Music historian Gareth Shute watches When Bob Came, a documentary series which examines the cultural and societal impact of Bob Marley’s 1979 visit to Aotearoa.
Reggae is the biggest genre of local music in Aotearoa, both in terms of streaming numbers and live audiences at festivals. Many have traced this back to the concert that Bob Marley played at Western Springs in 1979. The six-part TVNZ series When Bob Came not only makes this case, but also takes a broader look at how his visit inspired other cultural and political movements in Aotearoa, while making Marley one of the most iconic and best-selling artists in our country’s history.
Fortunately, there’s a wealth of footage from Marley’s visit mostly due to the work of journalist Dylan Taite. Marley originally turned down all media requests, but as the first episode explains, Taite was aware that the singer and his band liked to play football – so he followed their movements with his own pair of boots in tow and managed to become a pick-up player when they decided to have a kick around.
This connection led to a sit-down interview, which was one of few with Marley that is still accessible (his estate keeps tight restrictions on most others in existence). This may explain why excerpts from it have appeared everywhere from 2012’s Marley documentary to the outro of a Beastie Boys song (‘B-Boy Bouillabaisse: Dropping Names’). Taite’s piece also includes songs from the concert and a pōwhiri held to welcome Marley, which clearly blew him away.
When Bob Came is able to recontextualise Taite’s footage by giving more of the back story of what else was going on in Aotearoa at the time (supplemented by other great archival footage) and then following the impact Marley’s visit had afterward. The show is presented by actor James Rolleston, whose engagement in the subject provides a lot more energy than would’ve been achieved with a dry documentary voice-over.
There are also interviews with a wide range of cultural icons, protest leaders and musicians. Some are from the local reggae scene, such as Tony Fonoti from Herbs and Tigi Ness, but many others come from outside it, such as Anika Moa, Melodownz, and SPYCC from SWIDT (though their biggest hit, ‘KELZ GARAGE’, is a reggae tune). Each has their own passionate explanation for the importance of Marley’s message of peace and standing up for one’s rights, including rasta musician Israel Starr’s claim that Marley was second only in influence to Jesus Christ.
The series begins with the concert itself and and the superlatives start flowing: those who were there were blown away; those who weren’t desperately wish they could’ve been there. In the second episode, the real purpose of the documentary becomes clear. Marley’s visit will be used as a prism through which to examine some of the changes in local culture in the years since his visit.
The most obvious place to start is the massive popularity of local reggae music. Members of our country’s first breakthrough reggae act, Herbs, were at the concert, so there’s a direct line that can be drawn. Yet, it’s a strain to fit the entire 40+ year history of local reggae into a single 23 minute episode, especially while also trying to continuously tie each iteration back to Marley’s influence. It ends up being playwright/filmmaker Oscar Kightley who best explains why reggae became more popular among Māori and Pasifika people:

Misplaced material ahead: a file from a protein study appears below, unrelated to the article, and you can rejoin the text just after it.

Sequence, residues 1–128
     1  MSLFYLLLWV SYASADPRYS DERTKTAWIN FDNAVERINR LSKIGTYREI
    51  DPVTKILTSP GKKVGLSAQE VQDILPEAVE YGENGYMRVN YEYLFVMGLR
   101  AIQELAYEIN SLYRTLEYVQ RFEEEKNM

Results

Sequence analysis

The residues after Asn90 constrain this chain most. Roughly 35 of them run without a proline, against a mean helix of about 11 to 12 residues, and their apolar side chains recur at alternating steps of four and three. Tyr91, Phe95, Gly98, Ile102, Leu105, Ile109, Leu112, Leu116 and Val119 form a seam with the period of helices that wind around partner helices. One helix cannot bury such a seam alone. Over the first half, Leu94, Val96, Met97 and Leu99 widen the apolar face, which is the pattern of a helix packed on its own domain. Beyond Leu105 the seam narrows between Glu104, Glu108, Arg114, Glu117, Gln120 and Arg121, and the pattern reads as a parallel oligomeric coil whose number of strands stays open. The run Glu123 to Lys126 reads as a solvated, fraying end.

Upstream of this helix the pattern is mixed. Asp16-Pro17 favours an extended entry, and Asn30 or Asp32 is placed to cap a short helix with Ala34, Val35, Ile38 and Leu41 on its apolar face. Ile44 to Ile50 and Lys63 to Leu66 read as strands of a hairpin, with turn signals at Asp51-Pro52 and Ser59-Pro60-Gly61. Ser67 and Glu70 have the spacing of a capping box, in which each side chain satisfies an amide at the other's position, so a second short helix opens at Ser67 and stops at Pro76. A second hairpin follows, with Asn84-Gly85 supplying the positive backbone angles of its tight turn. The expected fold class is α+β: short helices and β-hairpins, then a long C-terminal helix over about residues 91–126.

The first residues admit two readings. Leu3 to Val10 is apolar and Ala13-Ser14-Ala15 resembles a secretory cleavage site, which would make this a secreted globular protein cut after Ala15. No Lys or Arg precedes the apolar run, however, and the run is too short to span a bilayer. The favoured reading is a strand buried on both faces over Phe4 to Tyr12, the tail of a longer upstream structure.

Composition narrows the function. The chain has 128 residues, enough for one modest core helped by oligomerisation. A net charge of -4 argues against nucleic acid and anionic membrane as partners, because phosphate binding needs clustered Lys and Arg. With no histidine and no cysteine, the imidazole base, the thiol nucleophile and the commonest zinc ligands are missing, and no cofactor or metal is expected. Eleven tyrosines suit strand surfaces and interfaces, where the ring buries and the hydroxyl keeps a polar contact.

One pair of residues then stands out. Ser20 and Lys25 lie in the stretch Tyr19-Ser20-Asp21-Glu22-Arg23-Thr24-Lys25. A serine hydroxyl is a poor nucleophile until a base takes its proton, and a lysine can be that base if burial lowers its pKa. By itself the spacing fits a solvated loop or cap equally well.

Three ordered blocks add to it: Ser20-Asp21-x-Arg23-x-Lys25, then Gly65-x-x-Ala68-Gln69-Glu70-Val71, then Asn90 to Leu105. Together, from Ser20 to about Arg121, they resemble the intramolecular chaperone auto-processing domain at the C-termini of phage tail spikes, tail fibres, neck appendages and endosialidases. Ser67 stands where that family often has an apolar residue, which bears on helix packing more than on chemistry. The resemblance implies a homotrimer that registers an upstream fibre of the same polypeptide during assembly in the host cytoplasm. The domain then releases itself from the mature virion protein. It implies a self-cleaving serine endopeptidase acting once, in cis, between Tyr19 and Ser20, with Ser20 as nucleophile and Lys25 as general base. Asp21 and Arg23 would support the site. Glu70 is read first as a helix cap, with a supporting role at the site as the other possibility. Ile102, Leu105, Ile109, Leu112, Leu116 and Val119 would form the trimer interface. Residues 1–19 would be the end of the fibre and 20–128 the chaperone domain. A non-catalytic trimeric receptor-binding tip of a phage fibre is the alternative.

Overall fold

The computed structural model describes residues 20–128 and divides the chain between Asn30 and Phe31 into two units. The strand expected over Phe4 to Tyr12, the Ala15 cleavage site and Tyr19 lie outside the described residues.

“In country and western, it’s easy to sing about a broken heart … reggae lends itself to singing about broken systems.”
Next the series moves onto the rise of Māori and Pasifika protest movements from the 70s through to the present. Here the connection to Marley’s influence becomes slightly more tenuous, though there are points of contact. Che Fu recalls listening to Bob Marley’s music at the Takaparawhau (Bastion Point) occupation and his father Tigi Ness says that he found strength in Marley’s message while he was in prison for his part in the Springbok Tour protests.
It does seem crucial that Marley actually came here in person, while other overseas figures who inspired the local protest movement – like Martin Luther King and Malcolm X – never had the chance.
The series is on firmer ground when it looks at the Rasta religion and the history of marijuana in this country. Marley was a spirited advocate of both and there is plenty of material from the original Taite interview to tie into these themes. That said, When Bob Came leaves some threads left unpulled. For example, film director Tearepa Kahi talks on many interesting subjects, but never explains why he based his movie Mt Zion around a band trying to play support at the Bob Marley concert in 1979.
Yet these are just niggles about an overall absorbing series, which nicely captures how Marley arrived at the perfect time to feed his positive energy into struggles that were already going on in Aotearoa.
As Tearepa Kahi explains: “What Bob did, what Ngā Tamatoa did, what Whina has done for us is to keep the fires burning. Sometimes through generations the fires dim a little because we don’t have that collective voice or we lose sight of it because we’re all in survival mode. A lot of what we do today is in response to a sense of loss. That’s why art is so important, that is why story is so important, that is why music is so important – to keep those fires burning. Bob was definitely a part of that.”